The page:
Land reform goes on trial

Augustine Mukaro


JUDGE Gilbert Guillaume of France, Ronald Cass, former dean at the Boston School of Law, and former Pakistan Justice minister Mohammad Wassi Zafar, have been appointed to preside over a Dutch farmers’ ca

se against government filed at the International Centre for the Settlement of Investment Disputes (ICSID).


The Dutch Farmers Association, in conjunction with UK-based Agric-Africa, registered the case on behalf of dispossessed local farmers at the ICSID in Washington last year, demanding that President Mugabe’s government should uphold Bilateral Investment Promotion and Protection Agreements (Bippas).


Judge Guillaume, a former president of the International Court of Justice and a designee of the government of France to the ICSID panel of arbitrators, will preside as the casting vote in the case.


The Zimbabwe government appointed Zafar as their arbitrator while farmers chose Cass to represent them.


The centre was established in 1966 as an affiliate of the World Bank to provide facilities for the arbitration of disputes between member countries and investors who qualify as nationals of other member countries.


The Zimbabwe case is number 74 out of the 104 cases that are before the tribunal.


A group of 11 dispossessed Dutch farmers took their case for compensation in respect of confiscated land to the tribunal, claiming more than US$15 million.


The case was filed by Bernardus Henricus Funnekotter and others, and then registered by the tribunal on April 15 under Case Number ARB/05/6.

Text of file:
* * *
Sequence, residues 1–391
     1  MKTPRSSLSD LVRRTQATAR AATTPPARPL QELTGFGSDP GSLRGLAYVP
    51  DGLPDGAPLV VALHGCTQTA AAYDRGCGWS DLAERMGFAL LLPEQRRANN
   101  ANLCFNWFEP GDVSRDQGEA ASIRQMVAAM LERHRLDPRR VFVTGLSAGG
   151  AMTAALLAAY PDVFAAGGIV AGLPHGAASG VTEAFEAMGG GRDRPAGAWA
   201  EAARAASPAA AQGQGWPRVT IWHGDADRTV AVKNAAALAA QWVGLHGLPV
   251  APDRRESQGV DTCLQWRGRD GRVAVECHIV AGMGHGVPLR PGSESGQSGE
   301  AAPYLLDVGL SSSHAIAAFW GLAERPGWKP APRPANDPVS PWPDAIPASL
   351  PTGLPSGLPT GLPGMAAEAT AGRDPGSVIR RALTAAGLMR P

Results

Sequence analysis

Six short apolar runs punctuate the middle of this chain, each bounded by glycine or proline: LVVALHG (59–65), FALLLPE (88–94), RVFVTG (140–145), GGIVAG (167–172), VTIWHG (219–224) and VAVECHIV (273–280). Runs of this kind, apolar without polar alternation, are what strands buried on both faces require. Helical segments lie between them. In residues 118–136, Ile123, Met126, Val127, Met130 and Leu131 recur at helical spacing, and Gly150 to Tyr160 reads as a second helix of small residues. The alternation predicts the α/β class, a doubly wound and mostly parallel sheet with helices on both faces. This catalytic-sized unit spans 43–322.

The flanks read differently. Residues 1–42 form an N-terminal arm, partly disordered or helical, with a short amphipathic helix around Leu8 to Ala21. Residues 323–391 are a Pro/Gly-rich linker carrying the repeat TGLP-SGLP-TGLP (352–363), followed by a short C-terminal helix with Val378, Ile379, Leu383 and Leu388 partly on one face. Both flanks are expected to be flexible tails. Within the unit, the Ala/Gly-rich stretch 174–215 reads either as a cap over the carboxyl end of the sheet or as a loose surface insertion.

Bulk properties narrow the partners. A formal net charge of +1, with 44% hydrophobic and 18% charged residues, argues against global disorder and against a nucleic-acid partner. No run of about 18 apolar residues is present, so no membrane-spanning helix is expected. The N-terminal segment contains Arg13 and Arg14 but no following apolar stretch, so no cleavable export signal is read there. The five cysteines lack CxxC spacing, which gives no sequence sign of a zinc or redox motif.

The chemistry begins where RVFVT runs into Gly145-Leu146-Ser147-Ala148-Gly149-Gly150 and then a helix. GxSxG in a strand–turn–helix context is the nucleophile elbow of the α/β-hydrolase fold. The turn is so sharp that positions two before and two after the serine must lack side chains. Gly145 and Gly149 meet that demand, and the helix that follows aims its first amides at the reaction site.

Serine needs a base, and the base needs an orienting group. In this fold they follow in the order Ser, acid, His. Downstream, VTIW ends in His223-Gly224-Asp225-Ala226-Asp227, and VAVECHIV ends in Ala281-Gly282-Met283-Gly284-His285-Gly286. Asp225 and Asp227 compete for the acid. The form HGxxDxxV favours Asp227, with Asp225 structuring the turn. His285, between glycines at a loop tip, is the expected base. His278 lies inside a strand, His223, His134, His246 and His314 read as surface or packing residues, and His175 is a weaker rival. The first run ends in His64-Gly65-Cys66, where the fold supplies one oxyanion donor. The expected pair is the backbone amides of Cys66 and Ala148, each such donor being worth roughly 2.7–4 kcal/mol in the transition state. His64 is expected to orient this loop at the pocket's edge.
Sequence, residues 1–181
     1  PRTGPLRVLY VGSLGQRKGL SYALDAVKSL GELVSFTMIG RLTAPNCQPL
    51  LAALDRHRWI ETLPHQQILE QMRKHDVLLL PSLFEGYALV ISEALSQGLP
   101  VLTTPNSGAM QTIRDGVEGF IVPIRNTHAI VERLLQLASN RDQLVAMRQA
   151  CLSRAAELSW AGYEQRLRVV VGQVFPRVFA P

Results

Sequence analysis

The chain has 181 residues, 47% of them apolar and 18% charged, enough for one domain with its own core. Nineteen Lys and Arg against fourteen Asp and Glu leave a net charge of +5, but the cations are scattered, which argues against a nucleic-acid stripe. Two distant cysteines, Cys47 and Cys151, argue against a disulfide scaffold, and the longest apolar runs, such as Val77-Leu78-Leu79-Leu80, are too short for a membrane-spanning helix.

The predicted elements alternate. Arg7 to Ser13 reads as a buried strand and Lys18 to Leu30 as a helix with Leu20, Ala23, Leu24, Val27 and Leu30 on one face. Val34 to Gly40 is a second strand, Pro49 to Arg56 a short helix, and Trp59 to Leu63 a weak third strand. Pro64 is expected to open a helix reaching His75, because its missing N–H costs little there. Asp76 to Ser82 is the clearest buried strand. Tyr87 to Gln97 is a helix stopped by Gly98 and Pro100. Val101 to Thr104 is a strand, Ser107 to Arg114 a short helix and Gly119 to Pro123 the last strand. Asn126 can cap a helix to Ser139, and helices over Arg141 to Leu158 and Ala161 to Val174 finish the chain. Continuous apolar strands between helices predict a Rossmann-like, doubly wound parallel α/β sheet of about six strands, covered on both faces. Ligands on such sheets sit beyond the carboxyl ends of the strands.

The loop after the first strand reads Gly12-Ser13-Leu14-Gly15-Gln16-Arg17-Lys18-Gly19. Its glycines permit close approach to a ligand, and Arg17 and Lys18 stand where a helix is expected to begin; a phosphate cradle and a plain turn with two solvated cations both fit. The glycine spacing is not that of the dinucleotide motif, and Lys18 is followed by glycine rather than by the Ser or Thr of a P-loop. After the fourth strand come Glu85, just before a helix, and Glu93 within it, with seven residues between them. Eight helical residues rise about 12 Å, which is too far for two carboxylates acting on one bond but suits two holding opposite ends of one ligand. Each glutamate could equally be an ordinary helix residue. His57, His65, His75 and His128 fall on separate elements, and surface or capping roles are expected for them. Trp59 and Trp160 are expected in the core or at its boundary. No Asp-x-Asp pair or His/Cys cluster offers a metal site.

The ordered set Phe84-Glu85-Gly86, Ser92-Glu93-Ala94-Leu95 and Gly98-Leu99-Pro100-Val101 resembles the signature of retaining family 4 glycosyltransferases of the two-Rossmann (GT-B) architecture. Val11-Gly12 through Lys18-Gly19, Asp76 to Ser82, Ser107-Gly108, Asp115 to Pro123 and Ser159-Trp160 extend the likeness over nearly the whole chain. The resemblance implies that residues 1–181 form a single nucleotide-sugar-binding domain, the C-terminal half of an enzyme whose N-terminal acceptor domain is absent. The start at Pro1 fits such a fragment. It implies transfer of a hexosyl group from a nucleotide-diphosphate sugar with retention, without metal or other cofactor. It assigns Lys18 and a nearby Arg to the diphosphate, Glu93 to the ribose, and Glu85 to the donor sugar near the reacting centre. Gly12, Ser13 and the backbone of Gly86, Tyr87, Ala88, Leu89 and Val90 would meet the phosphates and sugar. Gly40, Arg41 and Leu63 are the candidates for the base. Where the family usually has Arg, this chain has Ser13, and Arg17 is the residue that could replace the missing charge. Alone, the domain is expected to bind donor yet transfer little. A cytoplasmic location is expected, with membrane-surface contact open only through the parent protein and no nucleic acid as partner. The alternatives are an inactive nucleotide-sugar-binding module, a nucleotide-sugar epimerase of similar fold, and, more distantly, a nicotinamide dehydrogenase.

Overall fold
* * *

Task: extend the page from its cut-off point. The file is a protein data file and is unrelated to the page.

“We are claiming in excess of US$15 million as compensation for improvements, land (title deed value) and expropriated moveable assets,” Funnekotter said this week.


“The Zimbabwe Government will be responsible for the payment of the claim, which at present is accruing interest back-dated to the time they expropriated the land, and they have to pay in the currency of the nationals — which would be euros.”


He said farmers want to prove that both governments signed and ratified the Bippa agreement and show the inappropriate methods used by the Zimbabwe government to take possession of their land.
Funnekotter said Zimbabwe has been pushing for the arbitration to be held in Harare citing problems of foreign currency shortages.


“The Zimbabwe government asked for the venue to be in Harare pleading a pathetic reason as being short of foreign currency, which was denied,” he said.


“Anyway Harare would be an unfair venue for the Dutch nationals.”


More than 60 Dutch farmers were forced off their properties despite the fact that they were protected under a Bippa, ratified by President Robert Mugabe in 1996.


There were about 1 000 Dutch nationals, 70 of them farmers, in Zimbabwe before 2000 who grew flowers on land that was protected by the Bippa.


Under the agreement, government had promised to pay full compensation to Dutch nationals in the event of a dispute arising out of an investment in Zimbabwe.

Should the ruling by the tribunal favour the applicants, it could set a precedent for similar claims against government in international courts. The centre’s rulings are enforceable in 140 states that have ratified the organisation’s convention.


The Dutch claimants are being represented by Wiley Rein & Fielding in Washington, Bishop & Sewell in London, and by Coghlan Welsh & Guest in Harare. Agric-Africa chairman Bob Fernandes used to work as a property evaluator in Zimbabwe.